Friday, April 20, 2012

The Truth About Education in Poverty Stricken Environments

Illiteracy is a major enemy of the scholar. The inability to comprehend reading material has a long history throughout a child's school experience. In my experience through the classroom literacy crisis, I discovered a large portion of urban black and Hispanic students from impoverished communities do not like to read. Reading expands your mind and improves your intellect.

I observed the scholars who have reading deficiencies. What I discovered is that illiterate students have a higher percentage rate of disturbing the class and skipping. An illiterate child has a need that is not being met and this stems all the way back to early childhood.

What I have discovered in my experience is that students are already behind by kindergarten and first grade. There are many sources that can be faulted, but the main responsibility for building literacy skills rest solely on good parenting.

Parents are the first and best teacher for their children, this is an old proverb that has heavy merit in child rearing. As parents, we put our children on a learning course well before school age. In fact, by the time a child is three years old, they have already gained the majority of their vocabulary for the rest of their lifetime. By the time our children are five years old, the brain begins to finish up its wiring cycle. This means that from the mother's womb until five years old, the brain's wiring capacity has reacted to the simulations from its environment. 

Depending on parenting and genetics, a child is already on track or behind before the first grade. What do we do about this problem. I recommend that parents start educating their child in the mother's womb. The baby's brain is like a sponge and it absorbs and records everything it sees, hear, smells, taste, and touch. Provide field trips for your child to places where you may teach simple things like colors, shapes, numbers, animals, nature, science, math, and many other concepts. Children may react as if they didn't get the lesson but be assured, they got it. Stimulating the brain is a task for the parent. Children don't know how to react to things or situations in which they never had an experience. However, once the child has another experience with the intended lesson the brain automatically recalls the material. As experts, we call this the scaffolding technique.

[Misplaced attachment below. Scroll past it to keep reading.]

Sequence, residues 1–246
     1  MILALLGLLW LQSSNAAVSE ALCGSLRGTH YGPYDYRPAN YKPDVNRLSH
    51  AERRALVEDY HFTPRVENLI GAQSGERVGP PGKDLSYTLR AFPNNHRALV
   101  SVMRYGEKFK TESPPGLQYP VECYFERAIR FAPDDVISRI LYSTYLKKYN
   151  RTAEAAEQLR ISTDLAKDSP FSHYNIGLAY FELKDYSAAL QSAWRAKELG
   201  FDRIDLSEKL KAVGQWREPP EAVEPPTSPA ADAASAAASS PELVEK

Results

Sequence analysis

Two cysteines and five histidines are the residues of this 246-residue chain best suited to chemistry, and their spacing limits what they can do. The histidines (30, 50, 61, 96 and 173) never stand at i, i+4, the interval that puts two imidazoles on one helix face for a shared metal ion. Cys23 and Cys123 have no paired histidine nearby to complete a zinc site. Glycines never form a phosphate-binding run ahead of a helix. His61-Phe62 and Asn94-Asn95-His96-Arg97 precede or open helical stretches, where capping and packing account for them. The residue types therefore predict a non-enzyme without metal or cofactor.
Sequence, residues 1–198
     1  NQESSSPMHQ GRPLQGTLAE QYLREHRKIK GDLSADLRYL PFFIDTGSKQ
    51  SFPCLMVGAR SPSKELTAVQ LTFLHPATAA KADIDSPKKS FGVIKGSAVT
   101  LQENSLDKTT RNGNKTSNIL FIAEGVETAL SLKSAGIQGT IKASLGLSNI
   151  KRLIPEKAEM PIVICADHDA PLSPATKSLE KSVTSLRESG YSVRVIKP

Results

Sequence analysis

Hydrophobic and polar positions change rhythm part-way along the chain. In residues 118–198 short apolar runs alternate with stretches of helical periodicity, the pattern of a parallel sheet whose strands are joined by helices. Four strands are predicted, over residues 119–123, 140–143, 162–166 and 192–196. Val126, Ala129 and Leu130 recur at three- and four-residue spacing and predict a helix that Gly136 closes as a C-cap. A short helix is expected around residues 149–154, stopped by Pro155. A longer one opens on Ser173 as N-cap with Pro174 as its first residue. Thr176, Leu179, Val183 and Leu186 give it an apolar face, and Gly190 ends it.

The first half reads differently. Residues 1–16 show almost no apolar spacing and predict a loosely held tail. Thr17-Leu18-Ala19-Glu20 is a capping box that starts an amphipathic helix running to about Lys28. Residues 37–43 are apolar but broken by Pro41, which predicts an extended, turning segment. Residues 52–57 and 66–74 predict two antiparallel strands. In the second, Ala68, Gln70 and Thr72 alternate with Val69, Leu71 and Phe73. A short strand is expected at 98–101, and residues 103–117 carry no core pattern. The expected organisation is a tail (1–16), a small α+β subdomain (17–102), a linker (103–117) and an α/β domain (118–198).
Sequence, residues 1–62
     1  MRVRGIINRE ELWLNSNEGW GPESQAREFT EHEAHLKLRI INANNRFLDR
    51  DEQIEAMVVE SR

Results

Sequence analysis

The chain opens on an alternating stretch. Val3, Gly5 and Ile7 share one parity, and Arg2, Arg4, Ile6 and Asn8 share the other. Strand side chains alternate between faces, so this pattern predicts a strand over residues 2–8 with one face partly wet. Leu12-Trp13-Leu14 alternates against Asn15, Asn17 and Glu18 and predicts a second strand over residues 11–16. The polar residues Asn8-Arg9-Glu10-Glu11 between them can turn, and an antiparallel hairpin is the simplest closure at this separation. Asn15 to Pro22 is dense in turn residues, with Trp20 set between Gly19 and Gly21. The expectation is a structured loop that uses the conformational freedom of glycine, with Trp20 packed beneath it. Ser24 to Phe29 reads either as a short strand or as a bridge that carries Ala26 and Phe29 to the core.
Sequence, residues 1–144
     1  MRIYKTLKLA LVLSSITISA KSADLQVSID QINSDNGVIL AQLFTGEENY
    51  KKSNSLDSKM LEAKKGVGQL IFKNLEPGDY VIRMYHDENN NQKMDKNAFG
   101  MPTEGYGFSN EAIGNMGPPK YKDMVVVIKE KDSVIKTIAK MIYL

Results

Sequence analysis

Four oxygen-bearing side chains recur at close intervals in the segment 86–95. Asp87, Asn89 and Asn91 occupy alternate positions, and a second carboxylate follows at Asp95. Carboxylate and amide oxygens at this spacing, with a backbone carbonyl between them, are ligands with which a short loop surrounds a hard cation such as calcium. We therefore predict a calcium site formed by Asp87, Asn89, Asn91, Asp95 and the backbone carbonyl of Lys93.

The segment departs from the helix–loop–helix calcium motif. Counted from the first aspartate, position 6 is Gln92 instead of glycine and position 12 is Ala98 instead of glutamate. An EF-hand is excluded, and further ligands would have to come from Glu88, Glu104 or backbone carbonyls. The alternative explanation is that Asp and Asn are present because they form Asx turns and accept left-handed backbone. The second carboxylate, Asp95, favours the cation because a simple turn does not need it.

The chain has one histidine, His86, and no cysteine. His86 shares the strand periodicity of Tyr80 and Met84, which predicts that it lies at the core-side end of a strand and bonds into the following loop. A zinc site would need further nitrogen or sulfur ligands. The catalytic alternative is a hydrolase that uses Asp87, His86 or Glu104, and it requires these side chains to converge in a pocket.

Learning how to stimulate our child is the best thing we could do for our child. When children enter school the teacher has a specific pattern in which they will begin training children for basic knowledge building. If a child has had a previous experience before the classroom lesson, then the brain automatically connects past knowledge with present knowledge. This action is repetitive. Connecting the past and present knowledge sets up your child for future learning.

Back to the high school classroom- students who face illiteracy issues are disruptive mainly because they are not comprehending the materials being presented or simply not interested. Who's fault is this? Did the educational system fail this child? The answers lie between the early years and middle school experiences.

I have worked in the classroom from early childhood through high school. I have worked with third grade scholars that were already behind on literary skills. Somehow, these particular scholars missed learning the objective in the past levels and could not add new knowledge because they were struggling with skills they never comprehended. According to Benjamin Bloom taxonomy, we construct knowledge on levels from simplistic to complex. One must gain knowledge on basic terms before he is able to move towards more complex reasoning. The brain does not absorb what it can't comprehend. I have found some success in the classroom when I retaught a skill that should have been learned on previous levels. But with the demands of high stakes testing, teachers can not spend time reteaching concepts from previous grades. Is this the teacher's fault? Parent's? Child's?

Simply put- Parents are responsible for their child's training. The government took over teaching children so that people would be good citizens and great taxpayers. However, the government is not really concerned with if your child is truly left behind. There are pressures on school districts to produce results. Here is a fast fact: teachers must focus their lesson planning and presentation towards students who are on level learners, because these are the students who will score satisfactory and above on standardized testing.  Struggling students may attend tutoring sessions, but many of them do not take the time to attend. Therefore scholar learning is the parent's responsibility. In one of my courses, a student failed to complete an assignment. When I entered the grades in the electronic grade book, this student was given a zero. A message automatically was sent to the parents email address. Five minutes after I entered the grade the parent was on the phone requesting a conference. This parent quickly intervened with their child's poor behavior and corrected it. The child did not miss another assignment and carried an A average the rest of the semester.

Advice- Poverty can be a barrier in both the quality of educational delivery and attainment, but we should not blame poverty as the culprit to earning a good education. In other words, the cycle of failure stops with the parent when they make their child read.

Knowledge is power.